Looking into the stories, we find that the tempters—the serpent and the devil—try to deceive the eyes of Eve and Jesus. The tempters surely know that it’s all about focus. They try so hard to disturb Eve and Jesus’ focus. The serpent redirects the focus of Eve and seduces her to take a good look at the forbidden tree. Then, what happens? “So when the woman saw that the tree was good for food, and that it was a delight to the eyes, and that the tree was to be desired to make one wise, she took of its fruit and ate; and she also gave some to her husband, who was with her, and he ate” (Genesis 3:6). Eve sees the tree, finds delight to her eyes, and discovers her human desire. Then, finally, her eyes zoom in and get fixed just on the fruit. She totally loses her focus on God’s will for her.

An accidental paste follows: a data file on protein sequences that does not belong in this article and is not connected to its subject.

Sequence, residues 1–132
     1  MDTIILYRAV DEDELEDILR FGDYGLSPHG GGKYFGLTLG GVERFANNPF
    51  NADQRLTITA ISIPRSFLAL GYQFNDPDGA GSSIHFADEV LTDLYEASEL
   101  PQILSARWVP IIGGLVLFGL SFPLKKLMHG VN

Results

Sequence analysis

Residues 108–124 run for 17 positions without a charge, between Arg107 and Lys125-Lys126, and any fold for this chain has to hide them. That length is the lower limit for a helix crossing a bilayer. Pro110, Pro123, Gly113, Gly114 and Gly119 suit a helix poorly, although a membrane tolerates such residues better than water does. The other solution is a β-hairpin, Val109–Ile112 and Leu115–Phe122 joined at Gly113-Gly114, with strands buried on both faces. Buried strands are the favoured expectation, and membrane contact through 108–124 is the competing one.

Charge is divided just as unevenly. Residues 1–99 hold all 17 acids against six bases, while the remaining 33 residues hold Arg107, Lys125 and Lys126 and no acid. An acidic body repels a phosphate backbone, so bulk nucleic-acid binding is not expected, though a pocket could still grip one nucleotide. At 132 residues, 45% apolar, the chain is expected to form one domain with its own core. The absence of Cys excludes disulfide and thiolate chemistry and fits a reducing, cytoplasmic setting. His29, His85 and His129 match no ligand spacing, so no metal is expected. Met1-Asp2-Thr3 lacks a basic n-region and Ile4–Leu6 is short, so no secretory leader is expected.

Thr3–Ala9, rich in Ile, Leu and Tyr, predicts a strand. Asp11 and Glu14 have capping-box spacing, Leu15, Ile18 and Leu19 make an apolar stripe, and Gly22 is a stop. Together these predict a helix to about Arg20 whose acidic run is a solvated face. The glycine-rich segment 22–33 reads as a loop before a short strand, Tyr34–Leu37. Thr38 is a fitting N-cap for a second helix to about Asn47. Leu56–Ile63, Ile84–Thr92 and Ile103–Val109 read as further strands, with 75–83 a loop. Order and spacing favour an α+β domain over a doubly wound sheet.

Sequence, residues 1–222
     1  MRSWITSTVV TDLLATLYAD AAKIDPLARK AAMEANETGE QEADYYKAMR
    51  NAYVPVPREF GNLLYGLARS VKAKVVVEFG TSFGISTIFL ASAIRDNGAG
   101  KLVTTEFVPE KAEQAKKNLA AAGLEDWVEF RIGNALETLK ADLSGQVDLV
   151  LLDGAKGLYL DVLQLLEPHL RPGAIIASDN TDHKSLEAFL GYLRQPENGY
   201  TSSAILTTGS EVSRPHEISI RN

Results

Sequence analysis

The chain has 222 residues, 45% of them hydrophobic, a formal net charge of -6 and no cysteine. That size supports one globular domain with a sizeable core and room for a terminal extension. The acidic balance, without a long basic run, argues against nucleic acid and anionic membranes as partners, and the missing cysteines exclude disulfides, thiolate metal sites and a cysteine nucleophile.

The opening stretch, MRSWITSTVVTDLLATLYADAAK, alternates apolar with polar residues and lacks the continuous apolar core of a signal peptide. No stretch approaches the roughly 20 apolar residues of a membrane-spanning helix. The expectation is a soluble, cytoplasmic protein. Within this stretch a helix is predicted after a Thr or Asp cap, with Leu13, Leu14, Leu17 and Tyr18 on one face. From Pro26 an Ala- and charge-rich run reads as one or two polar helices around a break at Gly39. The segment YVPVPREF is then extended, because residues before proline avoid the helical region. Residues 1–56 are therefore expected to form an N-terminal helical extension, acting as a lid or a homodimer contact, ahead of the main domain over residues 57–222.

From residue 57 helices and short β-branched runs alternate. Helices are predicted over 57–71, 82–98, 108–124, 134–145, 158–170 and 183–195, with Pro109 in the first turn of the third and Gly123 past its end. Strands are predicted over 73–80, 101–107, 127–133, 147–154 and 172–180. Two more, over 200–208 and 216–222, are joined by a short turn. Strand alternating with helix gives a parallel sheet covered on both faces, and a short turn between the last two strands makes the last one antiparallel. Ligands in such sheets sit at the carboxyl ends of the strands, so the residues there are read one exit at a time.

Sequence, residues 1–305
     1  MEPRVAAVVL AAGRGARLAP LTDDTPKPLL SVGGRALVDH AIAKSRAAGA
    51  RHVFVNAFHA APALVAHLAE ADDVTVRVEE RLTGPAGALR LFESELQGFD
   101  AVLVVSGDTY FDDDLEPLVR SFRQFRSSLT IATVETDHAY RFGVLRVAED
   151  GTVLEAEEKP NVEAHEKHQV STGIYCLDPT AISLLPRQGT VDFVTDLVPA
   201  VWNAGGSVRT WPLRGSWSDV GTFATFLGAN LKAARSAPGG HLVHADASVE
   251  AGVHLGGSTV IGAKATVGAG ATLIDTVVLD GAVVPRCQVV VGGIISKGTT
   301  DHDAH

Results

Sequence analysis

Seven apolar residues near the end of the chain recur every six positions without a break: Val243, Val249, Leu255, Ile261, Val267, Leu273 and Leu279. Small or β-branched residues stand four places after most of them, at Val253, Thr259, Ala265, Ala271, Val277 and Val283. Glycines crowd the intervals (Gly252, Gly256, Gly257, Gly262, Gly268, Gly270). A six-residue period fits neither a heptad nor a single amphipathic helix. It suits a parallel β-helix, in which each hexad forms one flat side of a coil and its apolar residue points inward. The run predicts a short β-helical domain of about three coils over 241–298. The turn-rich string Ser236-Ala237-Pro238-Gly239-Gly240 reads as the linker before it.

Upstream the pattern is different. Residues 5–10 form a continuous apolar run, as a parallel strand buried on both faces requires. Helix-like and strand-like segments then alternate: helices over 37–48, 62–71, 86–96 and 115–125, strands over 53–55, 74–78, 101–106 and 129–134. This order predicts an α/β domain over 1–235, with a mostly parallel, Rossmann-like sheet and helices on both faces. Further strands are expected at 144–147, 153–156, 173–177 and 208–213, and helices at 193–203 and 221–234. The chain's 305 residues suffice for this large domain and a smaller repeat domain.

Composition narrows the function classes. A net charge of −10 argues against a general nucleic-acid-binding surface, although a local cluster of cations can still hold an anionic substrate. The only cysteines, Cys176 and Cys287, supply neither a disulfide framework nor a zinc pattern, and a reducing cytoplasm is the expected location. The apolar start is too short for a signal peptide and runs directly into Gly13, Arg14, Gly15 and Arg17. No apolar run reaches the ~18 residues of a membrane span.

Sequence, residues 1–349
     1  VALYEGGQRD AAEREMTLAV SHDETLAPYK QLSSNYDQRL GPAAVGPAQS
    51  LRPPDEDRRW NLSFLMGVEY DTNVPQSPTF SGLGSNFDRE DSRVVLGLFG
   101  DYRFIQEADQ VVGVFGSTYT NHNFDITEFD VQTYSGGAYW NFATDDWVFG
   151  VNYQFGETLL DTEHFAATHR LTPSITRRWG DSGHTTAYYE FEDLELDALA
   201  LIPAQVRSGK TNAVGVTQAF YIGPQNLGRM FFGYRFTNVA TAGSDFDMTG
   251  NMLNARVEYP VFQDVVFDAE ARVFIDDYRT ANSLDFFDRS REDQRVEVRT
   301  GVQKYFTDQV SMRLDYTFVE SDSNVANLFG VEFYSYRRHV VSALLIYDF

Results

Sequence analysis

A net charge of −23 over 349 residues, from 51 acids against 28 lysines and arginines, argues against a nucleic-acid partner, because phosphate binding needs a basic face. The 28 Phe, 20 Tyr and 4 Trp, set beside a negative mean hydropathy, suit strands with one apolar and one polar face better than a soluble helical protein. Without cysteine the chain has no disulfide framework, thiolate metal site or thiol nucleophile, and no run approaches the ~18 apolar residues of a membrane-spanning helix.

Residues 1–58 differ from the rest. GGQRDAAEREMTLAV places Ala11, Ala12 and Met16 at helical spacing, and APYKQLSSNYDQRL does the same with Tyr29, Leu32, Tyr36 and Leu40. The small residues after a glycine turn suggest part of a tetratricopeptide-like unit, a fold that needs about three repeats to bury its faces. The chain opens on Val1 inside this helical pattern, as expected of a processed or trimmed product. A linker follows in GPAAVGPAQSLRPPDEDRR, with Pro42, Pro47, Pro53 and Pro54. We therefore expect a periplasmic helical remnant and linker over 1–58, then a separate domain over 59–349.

The devil tries so hard to entice Jesus to detach his focus from God too. In the first attempt, the devil lures Jesus to move his focus to human need, and satisfy it by using his divine power. After fasting 40 days in the wilderness, Jesus must have desperately wanted something to eat. But he renounces the temptation, saying, “It is written, ‘One does not live by bread alone, but by every word that comes from the mouth of God’” (Matthew 4:3-4). In the second trial, the devil attracts Jesus to pursue his desire by using God’s power. If Jesus jumped off the pinnacle of the temple and got rescued by angels, he could draw everyone’s attention, attract many followers, and easily become their messiah. But Jesus keeps his eyes on God’s way to be the true savior. This way is not a way of exercising power, but rather, this is a way of emptying power on the cross. In the last temptation, the devil shows Jesus “all the kingdoms of the world and their splendor.” The devil finally targets on Jesus’ eyes. But Jesus does not lose his vision on the kingdom of God. And he knows that the kingdom does not come at once through the devil’s shortcut, but comes with Jesus himself and with his followers’ patient practices of self-giving love.